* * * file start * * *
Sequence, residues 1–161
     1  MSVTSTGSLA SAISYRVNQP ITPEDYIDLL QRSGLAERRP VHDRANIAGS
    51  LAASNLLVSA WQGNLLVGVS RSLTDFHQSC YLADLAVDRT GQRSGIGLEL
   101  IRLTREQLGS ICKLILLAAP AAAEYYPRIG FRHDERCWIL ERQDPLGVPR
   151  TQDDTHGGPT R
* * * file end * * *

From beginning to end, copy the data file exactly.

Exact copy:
Sequence, residues 1–161
     1  MSVTSTGSLA SAISYRVNQP ITPEDYIDLL QRSGLAERRP VHDRANIAGS
    51  LAASNLLVSA WQGNLLVGVS RSLTDFHQSC YLADLAVDRT GQRSGIGLEL
   101  IRLTREQLGS ICKLILLAAP AAAEYYPRIG FRHDERCWIL ERQDPLGVPR
   151  TQDDTHGGPT R